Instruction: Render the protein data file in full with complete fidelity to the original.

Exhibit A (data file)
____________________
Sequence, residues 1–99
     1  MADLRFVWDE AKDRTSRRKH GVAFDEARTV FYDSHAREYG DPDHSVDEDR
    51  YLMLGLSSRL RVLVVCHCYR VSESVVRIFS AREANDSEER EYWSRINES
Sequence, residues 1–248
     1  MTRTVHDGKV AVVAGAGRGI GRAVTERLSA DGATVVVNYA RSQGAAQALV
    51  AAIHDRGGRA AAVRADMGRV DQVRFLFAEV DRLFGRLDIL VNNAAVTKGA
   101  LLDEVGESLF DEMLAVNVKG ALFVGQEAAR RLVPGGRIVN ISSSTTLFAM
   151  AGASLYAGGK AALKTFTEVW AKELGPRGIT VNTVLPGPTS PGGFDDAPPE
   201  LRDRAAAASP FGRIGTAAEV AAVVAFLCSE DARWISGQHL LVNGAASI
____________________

Sequence, residues 1–99
     1  MADLRFVWDE AKDRTSRRKH GVAFDEARTV FYDSHAREYG DPDHSVDEDR
    51  YLMLGLSSRL RVLVVCHCYR VSESVVRIFS AREANDSEER EYWSRINES
Sequence, residues 1–248
     1  MTRTVHDGKV AVVAGAGRGI GRAVTERLSA DGATVVVNYA RSQGAAQALV
    51  AAIHDRGGRA AAVRADMGRV DQVRFLFAEV DRLFGRLDIL VNNAAVTKGA
   101  LLDEVGESLF DEMLAVNVKG ALFVGQEAAR RLVPGGRIVN ISSSTTLFAM
   151  AGASLYAGGK AALKTFTEVW AKELGPRGIT VNTVLPGPTS PGGFDDAPPE
   201  LRDRAAAASP FGRIGTAAEV AAVVAFLCSE DARWISGQHL LVNGAASI